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DeWine watches Ohio University student be vaccinated

Pandemic ebbs, then returns Vaccines arrived, cases declined, and Athens County emerged from almost a year in isolation. But the delta variant sent caseloads soaring in the fall, pushing county deaths over 100. As the year ended, infections and hospitalizations hit new highs as the omicron variant arrived in Athens. The Athens City-County Health Department began distributing vaccines in mid-January; by late March, everyone over age 16 was eligible. Over the course of the year, the CDC extended approvals of COVID vaccines to teens (ages 12–15) and young children (ages 5–11). Nelsonville-York offered $100 to any students who completed vaccination through school-based clinics. When vaccines were approved for children ages 5 to 11, the health department offered vaccine clinics at elementary schools across the county; many parents took their kids to public clinics. The city of Athens exempted vaccinated people from mask requirements, but rescinded it in late summer. Enforcement of the ordinance was left to businesses — with mixed results, as residents complained on social media and letters to the editor that unmasked people shopped and worked out with no challenges. In the summer, the legislature passsed a bill that forbids local health departments from issuing blanket health mandates among people not diagnosed with any disease. Athens City-County Health Department Administrator Jack Pepper said the bill stripped the department of power to issue a mask mandate. The department’s county-wide mask advisory is unenforceable. Mask mandates were adopted by every school district by early September. Case rates bottomed out in early summer, but began rising again as the start of school approached. Athens City Schools closed briefly because so many bus drivers were ill that the district couldn’t provide transportation. The omicron variant sent infections and hospitlizations soaring again as the year ended, and in mid-December, the county hit a grim milestone: its 100th death from COVID, a near tenfold increase over 2020.

After touting the Johnson & Johnson vaccine during his Monday visit to Ohio University, Gov. Mike DeWine announced on Tuesday that the state will suspend use of the single-dose shot following a recommendation from the Centers for Disease Control and Prevention (CDC) and the Food and Drug Administration (FDA) in response to exceedingly rare reports of potentially fatal side effects.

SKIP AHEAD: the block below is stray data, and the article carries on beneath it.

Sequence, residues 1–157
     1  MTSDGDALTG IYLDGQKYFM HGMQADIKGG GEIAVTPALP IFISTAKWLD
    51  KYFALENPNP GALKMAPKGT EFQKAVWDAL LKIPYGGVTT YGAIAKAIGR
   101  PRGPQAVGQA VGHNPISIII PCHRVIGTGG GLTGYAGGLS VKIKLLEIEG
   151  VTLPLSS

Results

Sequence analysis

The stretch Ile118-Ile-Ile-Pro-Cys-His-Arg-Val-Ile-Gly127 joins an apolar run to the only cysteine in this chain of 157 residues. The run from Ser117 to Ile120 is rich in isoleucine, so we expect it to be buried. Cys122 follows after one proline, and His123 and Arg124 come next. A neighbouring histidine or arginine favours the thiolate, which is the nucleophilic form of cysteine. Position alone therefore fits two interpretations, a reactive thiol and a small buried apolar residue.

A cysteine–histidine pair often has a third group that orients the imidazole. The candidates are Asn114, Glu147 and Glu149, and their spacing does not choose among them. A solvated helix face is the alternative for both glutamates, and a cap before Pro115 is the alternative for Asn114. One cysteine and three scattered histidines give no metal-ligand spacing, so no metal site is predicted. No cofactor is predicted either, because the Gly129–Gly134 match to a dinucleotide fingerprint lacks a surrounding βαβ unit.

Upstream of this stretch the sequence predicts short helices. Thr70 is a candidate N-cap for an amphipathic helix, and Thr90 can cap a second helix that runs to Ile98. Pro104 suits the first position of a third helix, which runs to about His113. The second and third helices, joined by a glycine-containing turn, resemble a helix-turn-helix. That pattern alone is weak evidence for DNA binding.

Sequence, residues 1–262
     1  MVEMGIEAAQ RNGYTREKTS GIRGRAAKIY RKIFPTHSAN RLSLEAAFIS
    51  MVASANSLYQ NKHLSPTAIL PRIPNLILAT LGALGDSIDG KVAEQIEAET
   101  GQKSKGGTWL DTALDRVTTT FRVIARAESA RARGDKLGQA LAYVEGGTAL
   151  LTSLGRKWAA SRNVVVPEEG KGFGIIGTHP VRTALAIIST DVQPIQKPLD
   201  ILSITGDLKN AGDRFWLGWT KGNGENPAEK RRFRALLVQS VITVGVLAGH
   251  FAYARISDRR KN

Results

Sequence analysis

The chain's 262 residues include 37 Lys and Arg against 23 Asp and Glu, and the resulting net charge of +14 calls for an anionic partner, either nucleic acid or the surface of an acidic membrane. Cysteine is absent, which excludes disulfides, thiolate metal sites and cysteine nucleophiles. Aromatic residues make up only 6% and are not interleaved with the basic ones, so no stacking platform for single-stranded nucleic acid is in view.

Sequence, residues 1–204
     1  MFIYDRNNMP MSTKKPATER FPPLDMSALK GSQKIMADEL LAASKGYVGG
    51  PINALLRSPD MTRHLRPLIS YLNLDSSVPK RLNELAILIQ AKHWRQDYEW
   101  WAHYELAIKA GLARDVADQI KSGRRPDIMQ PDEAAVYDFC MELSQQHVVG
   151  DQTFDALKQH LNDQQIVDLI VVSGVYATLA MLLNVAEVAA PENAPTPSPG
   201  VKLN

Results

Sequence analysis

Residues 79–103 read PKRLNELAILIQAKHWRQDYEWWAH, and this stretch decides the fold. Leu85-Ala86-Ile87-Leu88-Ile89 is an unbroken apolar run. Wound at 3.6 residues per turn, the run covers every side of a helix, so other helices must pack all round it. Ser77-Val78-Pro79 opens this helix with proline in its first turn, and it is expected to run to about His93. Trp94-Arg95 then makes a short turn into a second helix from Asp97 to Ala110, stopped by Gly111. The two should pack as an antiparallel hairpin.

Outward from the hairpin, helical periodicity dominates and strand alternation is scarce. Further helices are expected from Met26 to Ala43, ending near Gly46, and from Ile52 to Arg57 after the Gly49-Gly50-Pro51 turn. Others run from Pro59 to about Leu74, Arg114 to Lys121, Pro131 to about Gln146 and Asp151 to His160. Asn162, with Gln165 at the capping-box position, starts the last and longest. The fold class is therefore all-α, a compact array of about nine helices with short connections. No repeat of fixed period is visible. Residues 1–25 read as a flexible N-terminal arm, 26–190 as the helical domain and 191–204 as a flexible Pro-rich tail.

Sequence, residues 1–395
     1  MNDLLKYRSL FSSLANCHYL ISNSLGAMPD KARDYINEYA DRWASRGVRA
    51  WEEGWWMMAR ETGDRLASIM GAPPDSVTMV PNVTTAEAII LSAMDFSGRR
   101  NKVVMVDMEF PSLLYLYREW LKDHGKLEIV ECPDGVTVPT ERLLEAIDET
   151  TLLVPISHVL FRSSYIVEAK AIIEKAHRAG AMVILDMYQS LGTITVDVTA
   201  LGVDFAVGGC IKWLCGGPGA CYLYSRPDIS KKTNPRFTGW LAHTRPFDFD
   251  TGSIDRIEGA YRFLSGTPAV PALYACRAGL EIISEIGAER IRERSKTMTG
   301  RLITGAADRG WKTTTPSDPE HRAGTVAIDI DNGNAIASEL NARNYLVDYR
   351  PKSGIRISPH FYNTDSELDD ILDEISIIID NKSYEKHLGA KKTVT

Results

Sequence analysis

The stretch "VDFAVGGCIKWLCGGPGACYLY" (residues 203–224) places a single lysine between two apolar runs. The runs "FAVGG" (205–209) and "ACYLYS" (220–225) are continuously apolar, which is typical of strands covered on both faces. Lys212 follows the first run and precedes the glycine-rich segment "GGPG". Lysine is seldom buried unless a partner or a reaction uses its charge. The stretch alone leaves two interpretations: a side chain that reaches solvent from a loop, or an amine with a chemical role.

The change was made just weeks after the DeWine administration announced plans to supply universities across the state, including OU, with the Johnson & Johnson vaccine in an effort to fully vaccinate students before they leave campus for the summer.

In response, OU announced on Tuesday afternoon that it will instead provide students with the two-dose Pfizer vaccine at upcoming clinics, but students must be in Athens 21 days following their first dose to receive the second, according to a university news release issued jointly by Special Assistant to the President for Public Health Operations Dr. Gillian Ice alongside Chief Medical Affairs Officer and Dean of the Heritage College of Osteopathic Medicine Dr. Kenneth Johnson.

Residence halls close on April 30 and the semester officially ends May 1.

"Our assumption is that students can be responsible for their own schedule," Ice said in an email.

Students already registered to attend an upcoming clinic will automatically be offered the Pfizer vaccine. The decision to shift to the Pfizer vaccine was made in consultation with The Athens City-County Health Department and The Ohio Department of Health, according to the news release.

“We want to reaffirm that our confidence in the importance and efficacy of the other two available vaccines is not diminished by today’s news. We remain hopeful that if our campus community continues to participate in vaccination programs featuring Pfizer and Moderna that we can return to a much more normal campus in the fall,” the news release said.

The CDC and the FDA in a jointly released statement on Tuesday reported that of the nearly 7 million doses of Johnson & Johnson administered nationwide, six cases of rare and severe blood-clotting were discovered. All cases occurred between 6-13 days following vaccination in women between the ages of 18 and 48, according to the statement. The departments recommended “out of an abundance of caution” that providers pause using the vaccine.

The Athens City-County Health Department has administered a relatively small number of Johnson & Johnson doses when compared to the other two available vaccines, according to the release. Nearly 300 doses of Johnson & Johnson were administered on March 9, and on April 12 the Heritage Hall student vaccination clinic administered 349 doses. More than 200 doses of the vaccine have been administered in recent weeks through the Heritage College of Osteopathic Medicine’s mobile clinics that travel across southeast Ohio.

Jack Pepper, administrator of The Athens City-County Health Department, said in a text message that the department’s vaccine supply won’t be impacted by the university shifting its clinics to using Pfizer.

The university and the health department encouraged Johnson & Johnson recipients who may develop severe headache, abdominal pain, leg pain, shortness of breath, blurry vision or nausea to contact their primary care doctor immediately and inform them that they received the shot.

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